Tracking Correlations Between Currencies and the S&P 500

by: Marc Chandler
Many medium-term investors are interested in the relationship between currencies and the equity market. There is also a sense among many observers that the market is moving in waves of risk-on and risk-off. To help shed light on the issue, we looked at the correlation between several currencies and the US S&P 500. From a methodological point of view, we are looking at the correlations on the level of percent change.
Euro: Over the past 60 days, the euro's correlation with the S&P 500 is about 0.47. This represents a significant recovery from the low of below 0.2 seen in early March. The correlation had been trending lower from early last Nov. (near 0.68) to that early March low and since has been trending higher.
Over the past 30 days, the euro's correlation with the S&P 500 is about 0.58, which is consistent with the trend rise in the 60-day reading. The low correlation of the year was recorded in mid-Jan. near 0.
Canadian and Australian dollars: Over the past 60 days, the Canadian dollar is about 0.70 correlated to the S&P 500. It was the strongest correlation of the major and several emerging market currencies we looked at. The low point of the year was reached in early March, near 0.48. Over the past 30 days, CAD's correlation is near 0.76. The Australian dollar's correlation is the same over this time period, but over the 60-day period, the Australian's correlation is somewhat lower than CAD (at 0.64).
Japanese yen: The yen's 60-day rolling correlation with the S&P 500 has been trending low since the middle of last December. It has fallen from about 0.1 to -0.3, near where it has hovered around since mid-March. The 30-day correlation is -0.28, as one might expect given that the 60-day correlation has been little changed over the past month.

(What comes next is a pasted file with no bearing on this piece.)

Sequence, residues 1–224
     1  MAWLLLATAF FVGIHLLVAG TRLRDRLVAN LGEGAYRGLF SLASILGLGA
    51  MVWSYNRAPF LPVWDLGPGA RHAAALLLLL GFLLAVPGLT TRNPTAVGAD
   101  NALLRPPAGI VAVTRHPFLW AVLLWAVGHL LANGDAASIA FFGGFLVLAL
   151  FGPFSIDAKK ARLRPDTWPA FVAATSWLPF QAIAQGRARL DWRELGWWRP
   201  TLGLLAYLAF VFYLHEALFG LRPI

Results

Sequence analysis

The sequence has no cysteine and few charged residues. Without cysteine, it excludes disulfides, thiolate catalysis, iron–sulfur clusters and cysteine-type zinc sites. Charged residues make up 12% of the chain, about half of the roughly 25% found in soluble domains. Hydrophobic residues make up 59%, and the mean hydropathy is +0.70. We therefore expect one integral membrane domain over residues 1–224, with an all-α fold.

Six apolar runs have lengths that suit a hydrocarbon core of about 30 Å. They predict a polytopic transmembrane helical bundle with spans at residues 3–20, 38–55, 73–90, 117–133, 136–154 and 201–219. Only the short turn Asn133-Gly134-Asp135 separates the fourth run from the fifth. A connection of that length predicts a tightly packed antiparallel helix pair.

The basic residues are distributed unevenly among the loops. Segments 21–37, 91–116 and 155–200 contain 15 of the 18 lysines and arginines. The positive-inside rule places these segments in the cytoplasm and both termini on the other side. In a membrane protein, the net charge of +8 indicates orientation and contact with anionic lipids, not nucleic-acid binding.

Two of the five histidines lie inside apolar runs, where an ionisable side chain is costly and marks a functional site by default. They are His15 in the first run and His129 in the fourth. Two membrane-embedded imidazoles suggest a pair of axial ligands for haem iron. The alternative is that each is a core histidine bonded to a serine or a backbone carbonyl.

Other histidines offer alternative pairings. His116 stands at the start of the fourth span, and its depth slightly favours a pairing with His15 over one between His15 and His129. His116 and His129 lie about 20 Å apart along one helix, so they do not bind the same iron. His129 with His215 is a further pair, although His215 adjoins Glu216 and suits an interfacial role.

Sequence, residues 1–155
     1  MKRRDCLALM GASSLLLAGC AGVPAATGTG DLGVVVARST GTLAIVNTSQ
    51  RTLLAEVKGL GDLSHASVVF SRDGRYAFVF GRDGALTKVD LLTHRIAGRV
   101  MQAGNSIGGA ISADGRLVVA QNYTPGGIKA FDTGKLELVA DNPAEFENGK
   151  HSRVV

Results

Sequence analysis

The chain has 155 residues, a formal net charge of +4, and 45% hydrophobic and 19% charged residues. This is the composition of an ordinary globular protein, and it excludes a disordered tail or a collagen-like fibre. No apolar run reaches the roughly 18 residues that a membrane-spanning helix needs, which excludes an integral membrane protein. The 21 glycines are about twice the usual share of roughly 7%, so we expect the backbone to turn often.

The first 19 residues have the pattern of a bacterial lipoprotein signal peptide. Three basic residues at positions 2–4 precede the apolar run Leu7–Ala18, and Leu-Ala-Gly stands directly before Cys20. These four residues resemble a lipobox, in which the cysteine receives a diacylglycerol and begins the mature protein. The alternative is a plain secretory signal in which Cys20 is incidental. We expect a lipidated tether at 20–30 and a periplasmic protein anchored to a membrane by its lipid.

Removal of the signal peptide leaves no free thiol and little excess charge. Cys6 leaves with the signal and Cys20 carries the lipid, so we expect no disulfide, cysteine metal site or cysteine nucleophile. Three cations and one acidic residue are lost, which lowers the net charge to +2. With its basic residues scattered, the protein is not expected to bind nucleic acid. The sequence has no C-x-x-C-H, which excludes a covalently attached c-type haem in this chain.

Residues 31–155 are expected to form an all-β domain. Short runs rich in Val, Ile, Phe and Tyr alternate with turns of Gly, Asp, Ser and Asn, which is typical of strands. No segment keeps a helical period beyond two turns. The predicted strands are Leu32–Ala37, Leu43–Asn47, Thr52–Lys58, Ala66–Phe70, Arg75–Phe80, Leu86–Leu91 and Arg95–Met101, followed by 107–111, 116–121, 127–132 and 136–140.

Norwegian krone: Not typically a currency one might intuitively look for correlations with the S&P 500; we included it as a bit of a lark, but over the past 30 days its correlation rivals the Canadian and Australian dollars. The correlation is near 0.73, but over the past 60 days it is just below 50.
Key Takeaways: Correlations between currencies and the S&P 500 are not stable. Correlations between most of the major currencies have increased in the past 30 days. Based on recent historical performance, the correlations may increase further for the Australian and Canadian dollars and the euro. The inverse correlation between the yen and the S&P 500 appears more likely to be reduced than strengthened. The high correlation that the Norwegian krone enjoys seems unlikely to be sustained.
This work that shows the variability of correlations warns against simply bucketing currencies into risk-on and risk-off baskets, using the S&P 500 as the risk metric. The Canadian dollar, which often appears particularly sensitive to S&P movement, has seen its 60-day rolling correlation move between 0.90 and 0.47 between August 2010 and March 2011. It is the difference between moving in the same magnitude and direction nine of 10 days and not quite five days.
Disclosure: No positions